Irish to the Core Blog 1 – The Lusitania Tragedy

by | Jun 23, 2021 | Irish to the Core

Sinking of the Lusitania Courtesy of Everett Collection

The flagship of the Cunard passenger Line, the four-stack Royal Mail Steamship Lusitania, was built in 1906 along with her companion ship Mauritania partially with British Admiralty funds to compete with Germany’s elite ocean liners. When war was looming in 1913 she was properly outfitted for military service.  

Lusitania was torpedoed on May 7, 1915 by German submarine U-20 fourteen miles south of Old Head, Kinsale, Ireland in route to England. The Germans had warned of this possibility in New York newspapers days before the ship left, citing that it was suspected of carrying munitions. Germany needed to stop goods from reaching England.

After one torpedo strike, there was a second immediate massive explosion which doomed the ship. Eighteen minutes later the ship had sunk, taking 1,198 of the 1,959 souls on board to their deaths. The extreme listing of the ship prevented lifeboats from being successfully launched particularly on the port side where they crashed down onto the deck. The dead included 124 Americans notably including theater producer Frohman, wealthy Alfred Vanderbilt, president of US Rubber Adams, president of Newport News Shipbuilding Hopkins, president of US Chemical Shymer, director of Booth Steamship Crompton, his wife, and 6 children, among others.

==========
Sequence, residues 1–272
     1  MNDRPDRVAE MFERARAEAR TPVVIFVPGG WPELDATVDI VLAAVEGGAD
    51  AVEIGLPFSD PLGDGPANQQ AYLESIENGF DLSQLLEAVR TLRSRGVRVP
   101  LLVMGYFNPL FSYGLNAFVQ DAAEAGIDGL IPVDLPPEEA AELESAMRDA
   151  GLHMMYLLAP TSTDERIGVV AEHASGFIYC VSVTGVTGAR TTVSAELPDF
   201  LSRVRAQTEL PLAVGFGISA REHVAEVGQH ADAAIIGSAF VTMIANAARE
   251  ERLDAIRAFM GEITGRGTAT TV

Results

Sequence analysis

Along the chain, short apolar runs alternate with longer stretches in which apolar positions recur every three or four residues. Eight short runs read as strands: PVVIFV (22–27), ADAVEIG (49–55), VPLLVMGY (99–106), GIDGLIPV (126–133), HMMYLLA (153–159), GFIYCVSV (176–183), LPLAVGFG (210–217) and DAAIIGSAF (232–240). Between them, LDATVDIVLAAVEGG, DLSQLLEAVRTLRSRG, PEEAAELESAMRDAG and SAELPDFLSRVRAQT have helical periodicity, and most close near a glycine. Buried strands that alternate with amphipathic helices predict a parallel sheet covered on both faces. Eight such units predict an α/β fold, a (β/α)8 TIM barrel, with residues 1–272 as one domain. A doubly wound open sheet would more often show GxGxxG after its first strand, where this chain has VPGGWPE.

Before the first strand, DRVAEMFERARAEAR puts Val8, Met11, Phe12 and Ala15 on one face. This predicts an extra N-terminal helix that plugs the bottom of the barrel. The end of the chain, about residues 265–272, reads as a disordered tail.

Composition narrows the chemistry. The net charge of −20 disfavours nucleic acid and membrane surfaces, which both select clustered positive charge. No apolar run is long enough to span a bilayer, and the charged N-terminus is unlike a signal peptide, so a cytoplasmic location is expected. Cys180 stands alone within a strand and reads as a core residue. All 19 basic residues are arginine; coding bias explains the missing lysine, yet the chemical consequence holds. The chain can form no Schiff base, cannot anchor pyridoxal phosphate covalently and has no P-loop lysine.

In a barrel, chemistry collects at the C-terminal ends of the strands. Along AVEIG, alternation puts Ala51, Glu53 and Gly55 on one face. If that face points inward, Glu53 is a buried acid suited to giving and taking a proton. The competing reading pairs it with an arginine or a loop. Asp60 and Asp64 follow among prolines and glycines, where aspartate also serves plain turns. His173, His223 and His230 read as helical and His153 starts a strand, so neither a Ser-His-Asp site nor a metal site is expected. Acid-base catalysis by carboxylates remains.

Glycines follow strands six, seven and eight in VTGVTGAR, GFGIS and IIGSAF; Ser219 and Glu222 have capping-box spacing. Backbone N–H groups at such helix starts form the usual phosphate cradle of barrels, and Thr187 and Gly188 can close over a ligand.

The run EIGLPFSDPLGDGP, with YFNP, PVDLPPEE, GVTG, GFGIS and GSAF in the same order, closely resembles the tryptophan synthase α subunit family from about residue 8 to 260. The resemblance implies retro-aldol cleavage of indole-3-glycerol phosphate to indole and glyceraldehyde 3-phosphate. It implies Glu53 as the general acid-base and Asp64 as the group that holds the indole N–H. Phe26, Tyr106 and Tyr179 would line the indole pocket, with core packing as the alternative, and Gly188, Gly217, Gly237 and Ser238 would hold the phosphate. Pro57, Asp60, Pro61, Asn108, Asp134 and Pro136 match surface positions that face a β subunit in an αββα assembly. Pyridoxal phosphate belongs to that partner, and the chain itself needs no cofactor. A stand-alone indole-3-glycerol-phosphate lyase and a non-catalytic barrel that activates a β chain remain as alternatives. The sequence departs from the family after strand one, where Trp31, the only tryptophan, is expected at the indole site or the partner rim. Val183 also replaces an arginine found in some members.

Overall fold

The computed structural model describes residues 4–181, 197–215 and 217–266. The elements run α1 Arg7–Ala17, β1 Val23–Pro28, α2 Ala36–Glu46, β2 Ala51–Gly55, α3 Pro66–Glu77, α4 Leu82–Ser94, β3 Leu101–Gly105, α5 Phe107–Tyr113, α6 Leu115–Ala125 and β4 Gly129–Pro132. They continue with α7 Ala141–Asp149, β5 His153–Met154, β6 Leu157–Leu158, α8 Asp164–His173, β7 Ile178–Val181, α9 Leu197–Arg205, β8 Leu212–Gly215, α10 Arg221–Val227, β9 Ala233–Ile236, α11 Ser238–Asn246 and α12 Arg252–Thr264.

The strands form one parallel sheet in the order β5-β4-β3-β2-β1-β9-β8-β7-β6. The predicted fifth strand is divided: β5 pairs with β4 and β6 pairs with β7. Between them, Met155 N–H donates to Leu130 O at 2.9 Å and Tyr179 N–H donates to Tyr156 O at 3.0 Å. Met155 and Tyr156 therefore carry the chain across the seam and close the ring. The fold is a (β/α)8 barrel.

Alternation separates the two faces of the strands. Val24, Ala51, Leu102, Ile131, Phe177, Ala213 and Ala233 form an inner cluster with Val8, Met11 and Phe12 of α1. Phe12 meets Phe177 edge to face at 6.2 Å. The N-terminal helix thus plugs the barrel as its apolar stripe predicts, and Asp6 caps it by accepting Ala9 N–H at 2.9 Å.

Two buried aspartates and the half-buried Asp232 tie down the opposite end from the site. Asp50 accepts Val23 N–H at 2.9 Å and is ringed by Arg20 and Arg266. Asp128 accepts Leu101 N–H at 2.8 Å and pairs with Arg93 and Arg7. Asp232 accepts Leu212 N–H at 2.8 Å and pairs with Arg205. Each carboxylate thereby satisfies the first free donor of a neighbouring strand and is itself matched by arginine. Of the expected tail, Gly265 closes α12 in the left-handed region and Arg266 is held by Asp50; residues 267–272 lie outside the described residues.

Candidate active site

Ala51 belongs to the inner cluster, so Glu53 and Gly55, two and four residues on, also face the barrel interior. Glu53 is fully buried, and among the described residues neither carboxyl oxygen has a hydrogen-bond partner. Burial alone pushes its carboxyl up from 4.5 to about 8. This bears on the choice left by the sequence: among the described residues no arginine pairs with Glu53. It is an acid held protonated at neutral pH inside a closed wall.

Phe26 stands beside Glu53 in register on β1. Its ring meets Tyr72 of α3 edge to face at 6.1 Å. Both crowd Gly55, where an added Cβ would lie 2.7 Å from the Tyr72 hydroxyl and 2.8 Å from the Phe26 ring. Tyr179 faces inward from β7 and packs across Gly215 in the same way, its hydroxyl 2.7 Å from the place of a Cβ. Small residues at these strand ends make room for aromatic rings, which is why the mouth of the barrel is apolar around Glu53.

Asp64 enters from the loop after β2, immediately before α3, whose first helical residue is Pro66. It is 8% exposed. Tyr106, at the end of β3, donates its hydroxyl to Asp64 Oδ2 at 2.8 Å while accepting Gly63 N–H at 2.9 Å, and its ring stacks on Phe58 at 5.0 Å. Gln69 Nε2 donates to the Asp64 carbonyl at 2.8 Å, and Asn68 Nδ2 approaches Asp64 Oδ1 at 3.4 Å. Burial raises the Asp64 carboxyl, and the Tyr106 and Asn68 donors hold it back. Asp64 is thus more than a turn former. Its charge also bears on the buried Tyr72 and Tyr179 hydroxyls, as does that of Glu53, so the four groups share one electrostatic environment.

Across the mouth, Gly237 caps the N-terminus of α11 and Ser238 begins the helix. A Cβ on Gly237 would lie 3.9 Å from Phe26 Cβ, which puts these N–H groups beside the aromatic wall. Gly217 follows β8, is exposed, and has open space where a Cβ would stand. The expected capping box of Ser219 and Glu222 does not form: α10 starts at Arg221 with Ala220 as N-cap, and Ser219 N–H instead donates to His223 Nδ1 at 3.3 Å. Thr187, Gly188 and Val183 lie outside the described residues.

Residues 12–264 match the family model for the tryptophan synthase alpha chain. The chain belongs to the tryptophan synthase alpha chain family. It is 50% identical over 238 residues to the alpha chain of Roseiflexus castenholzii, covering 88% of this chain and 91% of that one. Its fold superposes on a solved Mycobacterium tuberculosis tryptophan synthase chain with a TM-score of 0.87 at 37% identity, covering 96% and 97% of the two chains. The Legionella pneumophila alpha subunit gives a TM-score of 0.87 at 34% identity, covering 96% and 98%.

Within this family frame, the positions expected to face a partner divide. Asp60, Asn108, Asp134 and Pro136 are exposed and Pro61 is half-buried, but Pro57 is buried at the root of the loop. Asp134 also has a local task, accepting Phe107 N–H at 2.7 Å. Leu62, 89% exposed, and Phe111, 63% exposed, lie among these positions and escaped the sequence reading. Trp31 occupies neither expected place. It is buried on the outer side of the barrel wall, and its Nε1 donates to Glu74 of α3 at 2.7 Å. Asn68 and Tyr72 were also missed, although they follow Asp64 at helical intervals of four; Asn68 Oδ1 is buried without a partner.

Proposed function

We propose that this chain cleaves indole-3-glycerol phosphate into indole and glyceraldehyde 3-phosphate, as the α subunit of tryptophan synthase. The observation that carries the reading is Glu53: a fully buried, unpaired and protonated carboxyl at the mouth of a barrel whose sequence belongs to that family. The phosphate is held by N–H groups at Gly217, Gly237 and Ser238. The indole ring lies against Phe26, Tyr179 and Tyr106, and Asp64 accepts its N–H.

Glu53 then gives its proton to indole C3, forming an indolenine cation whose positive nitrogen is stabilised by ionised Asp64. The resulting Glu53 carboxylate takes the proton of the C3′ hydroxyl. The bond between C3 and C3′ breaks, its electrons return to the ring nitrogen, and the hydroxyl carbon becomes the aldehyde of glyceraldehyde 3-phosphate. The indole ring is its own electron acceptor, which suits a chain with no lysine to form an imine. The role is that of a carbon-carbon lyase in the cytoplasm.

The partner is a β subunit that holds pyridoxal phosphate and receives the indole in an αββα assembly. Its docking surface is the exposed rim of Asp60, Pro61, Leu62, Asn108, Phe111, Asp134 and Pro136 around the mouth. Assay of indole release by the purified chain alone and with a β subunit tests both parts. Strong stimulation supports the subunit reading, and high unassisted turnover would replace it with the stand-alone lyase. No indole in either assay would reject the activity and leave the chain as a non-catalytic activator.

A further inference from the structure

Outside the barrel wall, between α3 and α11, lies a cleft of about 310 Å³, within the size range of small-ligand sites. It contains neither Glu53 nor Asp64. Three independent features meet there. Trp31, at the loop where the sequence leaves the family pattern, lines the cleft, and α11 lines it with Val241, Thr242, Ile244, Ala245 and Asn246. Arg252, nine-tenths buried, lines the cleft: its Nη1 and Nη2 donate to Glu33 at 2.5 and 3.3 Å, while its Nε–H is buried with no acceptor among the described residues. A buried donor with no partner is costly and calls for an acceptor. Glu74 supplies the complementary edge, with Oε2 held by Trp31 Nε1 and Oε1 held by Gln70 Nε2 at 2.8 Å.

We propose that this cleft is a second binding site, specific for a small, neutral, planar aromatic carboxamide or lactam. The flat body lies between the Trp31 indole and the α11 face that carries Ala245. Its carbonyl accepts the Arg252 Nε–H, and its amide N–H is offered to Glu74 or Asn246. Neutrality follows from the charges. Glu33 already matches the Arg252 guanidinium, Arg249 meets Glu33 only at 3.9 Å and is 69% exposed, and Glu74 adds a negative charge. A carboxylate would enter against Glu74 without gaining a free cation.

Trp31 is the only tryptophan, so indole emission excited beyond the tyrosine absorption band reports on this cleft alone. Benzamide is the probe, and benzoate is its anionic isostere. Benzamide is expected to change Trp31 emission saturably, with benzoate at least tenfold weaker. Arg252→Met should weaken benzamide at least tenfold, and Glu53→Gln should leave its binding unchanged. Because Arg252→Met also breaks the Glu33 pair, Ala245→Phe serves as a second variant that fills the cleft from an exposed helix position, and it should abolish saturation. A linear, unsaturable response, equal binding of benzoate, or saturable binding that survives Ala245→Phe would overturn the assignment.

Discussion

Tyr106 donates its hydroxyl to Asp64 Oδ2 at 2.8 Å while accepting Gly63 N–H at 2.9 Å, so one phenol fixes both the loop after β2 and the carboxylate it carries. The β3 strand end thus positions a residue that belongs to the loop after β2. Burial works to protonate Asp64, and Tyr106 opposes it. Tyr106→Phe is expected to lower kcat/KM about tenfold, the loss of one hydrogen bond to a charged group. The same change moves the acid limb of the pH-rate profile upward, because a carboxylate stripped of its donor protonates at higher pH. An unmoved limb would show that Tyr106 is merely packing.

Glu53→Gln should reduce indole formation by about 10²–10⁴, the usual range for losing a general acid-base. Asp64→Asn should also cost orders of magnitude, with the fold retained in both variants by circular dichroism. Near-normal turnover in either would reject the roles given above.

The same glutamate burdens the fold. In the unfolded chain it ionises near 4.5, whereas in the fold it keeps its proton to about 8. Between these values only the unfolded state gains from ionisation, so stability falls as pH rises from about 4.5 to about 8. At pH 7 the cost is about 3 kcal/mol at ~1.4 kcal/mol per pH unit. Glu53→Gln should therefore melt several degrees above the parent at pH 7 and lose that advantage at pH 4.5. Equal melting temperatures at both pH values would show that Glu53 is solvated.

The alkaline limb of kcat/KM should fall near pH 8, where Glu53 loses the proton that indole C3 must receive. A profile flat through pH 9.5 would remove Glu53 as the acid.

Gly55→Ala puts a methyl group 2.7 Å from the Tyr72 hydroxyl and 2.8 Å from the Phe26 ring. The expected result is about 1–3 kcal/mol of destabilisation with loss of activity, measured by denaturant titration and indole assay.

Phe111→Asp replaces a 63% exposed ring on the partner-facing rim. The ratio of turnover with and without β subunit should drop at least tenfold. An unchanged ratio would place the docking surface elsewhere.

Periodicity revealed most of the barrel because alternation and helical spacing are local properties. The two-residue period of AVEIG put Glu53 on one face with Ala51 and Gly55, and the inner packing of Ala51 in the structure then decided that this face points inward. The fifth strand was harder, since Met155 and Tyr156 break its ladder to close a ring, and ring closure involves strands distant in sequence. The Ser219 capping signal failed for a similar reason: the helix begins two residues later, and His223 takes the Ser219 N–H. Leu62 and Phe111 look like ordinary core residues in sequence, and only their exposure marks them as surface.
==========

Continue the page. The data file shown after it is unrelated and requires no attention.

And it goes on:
Captain Turner had not heeded Admiralty warnings to zigzag in the danger zone as it emerged from fog  at the Fastnet Light west of Kinsale.

The Admiralty called off escort warship Juno south of Ireland before the sinking and recalled it from nearby Roches Point when she was heading to rescue possible survivors in the frigid water. There was speculation about why that happened.

This dastardly event and subsequent U-boat sinking of an Italian liner without warning with 25 Americans lost that November caused a furor in the United States against Germany which almost led to war. But due to many factors this was not sufficient reason to force President Wilson and the Congress to declare war at this point.

Being the closest seaport to this tragedy, the survivors and found dead were brought to Queenstown (now Cobh), the port for Cork City. There is a marvelous museum there called the Cobh Heritage Centre which tells the stories of the ill-fated Lusitania, as well as the Titanic, from its last port of call and coffin ships of the Great Hunger.

In 1993, a dive team led by National Geographic’s Bob Ballard found four million rounds of Remington .303 bullets in the wreck’s hold. The shells contained no powder, propellant, or fuses. This seemed to confirm Germany’s claim.

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  1. john herlihy

    I am so excited that you will be producing a blog with historical information.

  2. Robert A Young

    Hi Steve,

    I recently watch a NatGeo program on the Lusitania with what was billed as the probable last dive for significant wreck exploration. They showed some of the .303 rounds and did some testing on various theories about the large secondary explosion. I had not realized until that program that the salvage rights are in private hands.

    Bob Young


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